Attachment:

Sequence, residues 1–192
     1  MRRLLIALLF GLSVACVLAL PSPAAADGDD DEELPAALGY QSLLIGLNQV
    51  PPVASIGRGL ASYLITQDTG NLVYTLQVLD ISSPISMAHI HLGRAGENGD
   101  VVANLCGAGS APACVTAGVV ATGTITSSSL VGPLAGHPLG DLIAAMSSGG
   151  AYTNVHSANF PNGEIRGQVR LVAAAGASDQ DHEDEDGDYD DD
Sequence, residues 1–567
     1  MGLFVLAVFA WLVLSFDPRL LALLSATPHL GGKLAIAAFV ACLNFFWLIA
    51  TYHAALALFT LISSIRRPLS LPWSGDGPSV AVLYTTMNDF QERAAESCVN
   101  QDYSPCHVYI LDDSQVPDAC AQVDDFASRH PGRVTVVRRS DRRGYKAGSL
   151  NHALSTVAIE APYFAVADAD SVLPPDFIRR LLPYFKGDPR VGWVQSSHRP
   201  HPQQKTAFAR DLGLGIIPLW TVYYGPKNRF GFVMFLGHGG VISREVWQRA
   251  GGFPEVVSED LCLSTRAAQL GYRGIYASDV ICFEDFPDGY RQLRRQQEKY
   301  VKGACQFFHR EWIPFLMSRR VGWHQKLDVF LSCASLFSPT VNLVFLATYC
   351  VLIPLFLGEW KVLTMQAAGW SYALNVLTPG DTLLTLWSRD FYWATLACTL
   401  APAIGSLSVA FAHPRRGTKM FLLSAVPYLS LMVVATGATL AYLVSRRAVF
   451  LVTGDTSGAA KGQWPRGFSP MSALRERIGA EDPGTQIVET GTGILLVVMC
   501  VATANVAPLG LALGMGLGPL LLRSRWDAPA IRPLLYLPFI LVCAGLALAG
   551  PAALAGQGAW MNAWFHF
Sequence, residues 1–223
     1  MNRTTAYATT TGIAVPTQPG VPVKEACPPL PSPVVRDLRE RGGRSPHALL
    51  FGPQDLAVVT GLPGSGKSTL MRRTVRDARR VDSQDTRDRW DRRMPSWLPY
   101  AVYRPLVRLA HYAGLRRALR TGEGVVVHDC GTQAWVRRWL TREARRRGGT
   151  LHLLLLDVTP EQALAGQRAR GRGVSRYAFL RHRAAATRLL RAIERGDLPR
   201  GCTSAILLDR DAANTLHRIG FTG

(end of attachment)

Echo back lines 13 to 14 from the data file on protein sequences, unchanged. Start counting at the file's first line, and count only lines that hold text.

   301  VKGACQFFHR EWIPFLMSRR VGWHQKLDVF LSCASLFSPT VNLVFLATYC
   351  VLIPLFLGEW KVLTMQAAGW SYALNVLTPG DTLLTLWSRD FYWATLACTL